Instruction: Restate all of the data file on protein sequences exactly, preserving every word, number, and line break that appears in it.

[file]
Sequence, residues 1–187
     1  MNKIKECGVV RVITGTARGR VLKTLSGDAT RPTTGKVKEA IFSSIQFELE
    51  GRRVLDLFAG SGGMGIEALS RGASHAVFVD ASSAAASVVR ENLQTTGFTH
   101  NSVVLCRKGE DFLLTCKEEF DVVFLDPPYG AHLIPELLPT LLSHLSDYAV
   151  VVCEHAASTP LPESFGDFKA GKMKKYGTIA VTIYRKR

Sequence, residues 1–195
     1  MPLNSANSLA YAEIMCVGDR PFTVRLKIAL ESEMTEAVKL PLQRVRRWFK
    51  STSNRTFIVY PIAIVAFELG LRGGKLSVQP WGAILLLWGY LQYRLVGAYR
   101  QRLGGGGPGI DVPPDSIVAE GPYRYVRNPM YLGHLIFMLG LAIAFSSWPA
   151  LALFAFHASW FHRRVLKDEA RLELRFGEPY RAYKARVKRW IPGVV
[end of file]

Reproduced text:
Sequence, residues 1–187
     1  MNKIKECGVV RVITGTARGR VLKTLSGDAT RPTTGKVKEA IFSSIQFELE
    51  GRRVLDLFAG SGGMGIEALS RGASHAVFVD ASSAAASVVR ENLQTTGFTH
   101  NSVVLCRKGE DFLLTCKEEF DVVFLDPPYG AHLIPELLPT LLSHLSDYAV
   151  VVCEHAASTP LPESFGDFKA GKMKKYGTIA VTIYRKR

Sequence, residues 1–195
     1  MPLNSANSLA YAEIMCVGDR PFTVRLKIAL ESEMTEAVKL PLQRVRRWFK
    51  STSNRTFIVY PIAIVAFELG LRGGKLSVQP WGAILLLWGY LQYRLVGAYR
   101  QRLGGGGPGI DVPPDSIVAE GPYRYVRNPM YLGHLIFMLG LAIAFSSWPA
   151  LALFAFHASW FHRRVLKDEA RLELRFGEPY RAYKARVKRW IPGVV